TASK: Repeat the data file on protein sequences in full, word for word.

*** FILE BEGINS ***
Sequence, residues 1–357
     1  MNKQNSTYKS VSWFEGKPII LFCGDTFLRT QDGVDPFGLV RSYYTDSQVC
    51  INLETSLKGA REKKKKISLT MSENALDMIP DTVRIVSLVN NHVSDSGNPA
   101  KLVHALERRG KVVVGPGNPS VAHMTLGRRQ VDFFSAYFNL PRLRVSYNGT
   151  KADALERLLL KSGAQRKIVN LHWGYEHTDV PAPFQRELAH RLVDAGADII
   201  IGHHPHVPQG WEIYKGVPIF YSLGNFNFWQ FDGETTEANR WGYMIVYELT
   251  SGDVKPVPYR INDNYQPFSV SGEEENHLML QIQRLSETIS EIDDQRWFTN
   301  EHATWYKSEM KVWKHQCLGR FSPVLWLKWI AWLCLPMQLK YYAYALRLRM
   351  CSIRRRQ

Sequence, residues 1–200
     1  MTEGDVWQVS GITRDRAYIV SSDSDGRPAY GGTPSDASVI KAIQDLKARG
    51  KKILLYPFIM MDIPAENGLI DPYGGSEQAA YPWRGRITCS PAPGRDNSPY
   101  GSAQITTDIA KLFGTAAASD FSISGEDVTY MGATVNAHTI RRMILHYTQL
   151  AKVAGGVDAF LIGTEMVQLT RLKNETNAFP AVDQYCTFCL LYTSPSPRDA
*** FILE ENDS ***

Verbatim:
Sequence, residues 1–357
     1  MNKQNSTYKS VSWFEGKPII LFCGDTFLRT QDGVDPFGLV RSYYTDSQVC
    51  INLETSLKGA REKKKKISLT MSENALDMIP DTVRIVSLVN NHVSDSGNPA
   101  KLVHALERRG KVVVGPGNPS VAHMTLGRRQ VDFFSAYFNL PRLRVSYNGT
   151  KADALERLLL KSGAQRKIVN LHWGYEHTDV PAPFQRELAH RLVDAGADII
   201  IGHHPHVPQG WEIYKGVPIF YSLGNFNFWQ FDGETTEANR WGYMIVYELT
   251  SGDVKPVPYR INDNYQPFSV SGEEENHLML QIQRLSETIS EIDDQRWFTN
   301  EHATWYKSEM KVWKHQCLGR FSPVLWLKWI AWLCLPMQLK YYAYALRLRM
   351  CSIRRRQ

Sequence, residues 1–200
     1  MTEGDVWQVS GITRDRAYIV SSDSDGRPAY GGTPSDASVI KAIQDLKARG
    51  KKILLYPFIM MDIPAENGLI DPYGGSEQAA YPWRGRITCS PAPGRDNSPY
   101  GSAQITTDIA KLFGTAAASD FSISGEDVTY MGATVNAHTI RRMILHYTQL
   151  AKVAGGVDAF LIGTEMVQLT RLKNETNAFP AVDQYCTFCL LYTSPSPRDA